MEDIA RELEASE: Climate Group Applauds the Federal Government’s Plan to Price Pollution

MEDIA RELEASE: Climate Group Applauds the Federal Government’s Plan to Price Pollution

Climate Group Applauds the Federal Government’s Plan to Price Pollution

Conservatives should embrace pricing carbon pollution too

Media Contact: Cathy Orlando, , 705-929-4043

Sudbury, ON: “Canadians realize that polluting isn’t free,” proclaimed the Honourable Catherine McKenna, Canada’s Environment and Climate Change Minister when she arrived at the podium in the foyer of the House of Commons on Thursday, May 18, 2018, 2017 to make her case for Canada’s national carbon pricing policy.

“We know that carbon pollution causes droughts, fires and floods across our country and across the world, and that it impacts on our health through issues like asthma, premature mortality and more emergency room visits,” McKenna continued, reviewing the consequences of climate change and dirty air. “It’s the lowest-cost way to reduce emissions,” McKenna said of pricing carbon.

“McKenna is correct in her assertion that pricing carbon pollution is the lowest-cost way to reduce emissions,” says Cathy Orlando, National Director of Citizens’ Climate Lobby Canada. “An April 2015 study from Canada’s Ecofiscal Commission determined that the Canadian economy would grow by an additional 3.7% by 2020 with a well-designed carbon pricing policy compared to using regulatory mechanisms to reduce carbon emissions.”

On October 3, 2016, the Government of Canada released “The pan-Canadian approach to pricing carbon pollution” – the benchmark – outlining the criteria that carbon pricing systems implemented by provinces and territories need to meet. The goal of the benchmark is to ensure that carbon pollution pricing applies to a broad set of emission sources with increasing stringency over time in order to reduce GHG emissions at lowest cost to business and consumers and support innovation and clean growth.

The occasion of McKenna’s appearance in the foyer was her department’s release of a “technical paper” on the “federal carbon pricing backstop,” but mostly it was to provide fodder for debate.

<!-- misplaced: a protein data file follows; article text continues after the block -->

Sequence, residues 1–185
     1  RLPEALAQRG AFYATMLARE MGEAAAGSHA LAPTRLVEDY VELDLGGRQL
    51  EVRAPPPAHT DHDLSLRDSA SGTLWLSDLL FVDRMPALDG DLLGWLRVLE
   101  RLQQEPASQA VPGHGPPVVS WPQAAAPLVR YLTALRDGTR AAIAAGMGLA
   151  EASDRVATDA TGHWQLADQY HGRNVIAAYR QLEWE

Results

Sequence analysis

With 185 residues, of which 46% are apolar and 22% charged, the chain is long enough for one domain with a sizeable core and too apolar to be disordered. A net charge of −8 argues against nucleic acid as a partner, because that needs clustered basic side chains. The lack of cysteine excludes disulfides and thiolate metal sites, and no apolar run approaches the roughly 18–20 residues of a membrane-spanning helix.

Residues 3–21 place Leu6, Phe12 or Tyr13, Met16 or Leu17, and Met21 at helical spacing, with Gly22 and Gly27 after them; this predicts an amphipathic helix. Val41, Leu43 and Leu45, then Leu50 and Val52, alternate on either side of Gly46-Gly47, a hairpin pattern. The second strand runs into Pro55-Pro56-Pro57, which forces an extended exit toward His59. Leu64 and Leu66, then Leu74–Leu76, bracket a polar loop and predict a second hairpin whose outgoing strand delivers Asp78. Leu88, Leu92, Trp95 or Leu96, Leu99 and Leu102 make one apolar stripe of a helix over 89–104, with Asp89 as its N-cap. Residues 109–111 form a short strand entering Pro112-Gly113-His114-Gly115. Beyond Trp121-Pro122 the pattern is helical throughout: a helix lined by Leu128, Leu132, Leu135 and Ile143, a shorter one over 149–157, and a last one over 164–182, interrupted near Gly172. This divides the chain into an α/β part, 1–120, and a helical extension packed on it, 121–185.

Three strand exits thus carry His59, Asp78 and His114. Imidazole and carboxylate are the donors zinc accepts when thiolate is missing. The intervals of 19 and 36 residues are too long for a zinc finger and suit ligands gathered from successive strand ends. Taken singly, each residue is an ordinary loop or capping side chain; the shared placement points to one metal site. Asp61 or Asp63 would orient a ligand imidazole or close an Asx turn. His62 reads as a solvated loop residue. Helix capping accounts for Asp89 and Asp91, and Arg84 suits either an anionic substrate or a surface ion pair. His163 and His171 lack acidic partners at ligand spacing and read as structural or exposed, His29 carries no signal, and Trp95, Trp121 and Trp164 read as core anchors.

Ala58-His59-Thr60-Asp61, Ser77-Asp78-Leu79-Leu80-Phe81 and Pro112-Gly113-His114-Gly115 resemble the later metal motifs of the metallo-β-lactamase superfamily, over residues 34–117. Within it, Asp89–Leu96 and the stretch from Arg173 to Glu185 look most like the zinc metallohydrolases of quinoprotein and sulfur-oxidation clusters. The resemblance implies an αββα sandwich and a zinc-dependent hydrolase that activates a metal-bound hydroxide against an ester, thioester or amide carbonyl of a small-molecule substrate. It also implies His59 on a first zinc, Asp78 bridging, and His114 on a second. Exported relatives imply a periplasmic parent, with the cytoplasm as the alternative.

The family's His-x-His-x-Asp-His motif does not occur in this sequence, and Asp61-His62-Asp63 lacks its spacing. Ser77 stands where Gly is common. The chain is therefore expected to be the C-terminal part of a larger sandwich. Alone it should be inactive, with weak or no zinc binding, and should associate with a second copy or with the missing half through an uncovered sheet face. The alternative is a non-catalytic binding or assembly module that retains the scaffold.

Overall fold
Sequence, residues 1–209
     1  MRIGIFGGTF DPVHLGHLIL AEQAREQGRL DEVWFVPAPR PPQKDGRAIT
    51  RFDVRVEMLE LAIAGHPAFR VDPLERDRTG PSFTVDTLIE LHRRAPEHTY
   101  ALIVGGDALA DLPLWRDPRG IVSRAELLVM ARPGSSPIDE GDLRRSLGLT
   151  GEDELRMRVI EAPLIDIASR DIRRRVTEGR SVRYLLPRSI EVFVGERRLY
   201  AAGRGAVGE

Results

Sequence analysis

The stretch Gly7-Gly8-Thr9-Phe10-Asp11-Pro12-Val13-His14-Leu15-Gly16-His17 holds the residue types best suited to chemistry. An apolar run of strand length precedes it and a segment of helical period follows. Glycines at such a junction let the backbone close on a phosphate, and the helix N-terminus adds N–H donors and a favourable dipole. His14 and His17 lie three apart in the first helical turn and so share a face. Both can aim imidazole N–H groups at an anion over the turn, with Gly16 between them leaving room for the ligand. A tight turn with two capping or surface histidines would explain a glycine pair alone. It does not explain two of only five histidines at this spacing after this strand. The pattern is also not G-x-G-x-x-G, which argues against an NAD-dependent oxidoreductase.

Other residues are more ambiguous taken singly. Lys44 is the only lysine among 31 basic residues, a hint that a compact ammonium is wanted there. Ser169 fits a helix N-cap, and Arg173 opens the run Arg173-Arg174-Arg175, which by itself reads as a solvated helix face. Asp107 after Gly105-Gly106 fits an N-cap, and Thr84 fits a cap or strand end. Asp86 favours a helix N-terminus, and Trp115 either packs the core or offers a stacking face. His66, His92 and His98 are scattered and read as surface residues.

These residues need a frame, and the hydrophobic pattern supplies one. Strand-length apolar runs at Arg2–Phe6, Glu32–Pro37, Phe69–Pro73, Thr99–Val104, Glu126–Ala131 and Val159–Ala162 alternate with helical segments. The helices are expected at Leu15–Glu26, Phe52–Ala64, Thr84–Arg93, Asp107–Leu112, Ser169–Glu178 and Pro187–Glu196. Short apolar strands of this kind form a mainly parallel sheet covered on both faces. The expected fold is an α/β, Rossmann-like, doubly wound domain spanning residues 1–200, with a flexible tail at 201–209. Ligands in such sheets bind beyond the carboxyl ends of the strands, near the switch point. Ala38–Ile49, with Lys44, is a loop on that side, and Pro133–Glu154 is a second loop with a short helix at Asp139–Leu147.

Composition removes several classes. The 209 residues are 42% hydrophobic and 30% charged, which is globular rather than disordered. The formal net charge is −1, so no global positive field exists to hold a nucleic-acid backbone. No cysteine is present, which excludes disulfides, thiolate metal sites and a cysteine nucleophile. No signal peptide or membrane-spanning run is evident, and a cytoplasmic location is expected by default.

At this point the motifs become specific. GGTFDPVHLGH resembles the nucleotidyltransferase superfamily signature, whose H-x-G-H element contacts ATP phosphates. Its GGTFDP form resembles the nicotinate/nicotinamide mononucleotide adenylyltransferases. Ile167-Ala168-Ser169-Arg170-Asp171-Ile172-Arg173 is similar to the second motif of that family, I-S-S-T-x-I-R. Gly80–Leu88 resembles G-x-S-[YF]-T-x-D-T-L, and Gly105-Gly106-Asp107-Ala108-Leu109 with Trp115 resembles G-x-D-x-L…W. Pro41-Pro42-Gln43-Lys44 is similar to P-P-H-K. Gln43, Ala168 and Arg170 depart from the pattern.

“It is rather surprising that other than the Honourable Michael Chong, a Conservative Leadership Candidate, the Conservative Party of Canada has not embraced carbon pricing given its economic efficiency and polluter’s pay principle that is often associated with conservative-minded people,” says Orlando. “Conservatives in the USA are embracing carbon pricing. The Climate Leadership Council, which includes Republicans Henry Paulson, George Shultz and James Baker, released a Carbon Dividends Plan, with all the revenue returned equally to households in quarterly dividends. ”

The Conservative Party of Canada is currently voting for their next leader to replace the Right Honourable Stephen Harper. Political parties and politicians wanting to win any election should note that only 2 per cent of Canadians belong to political parties. Thus, their job is to convince 98% of us that their party is worthy of our vote. Canadians want centrist governments. According to an October 2016 NANOS poll, three-quarters of Canadians are in favour of a national climate plan to ensure we achieve our international carbon-emission reduction targets.

“Dismissiveness is a feeling or showing that something is unworthy of consideration,” reflected Orlando. “Conservatives may want to rethink why they are being dismissive about carbon pricing. Political stripes aside, their dismissiveness may be something they regret in 2019.”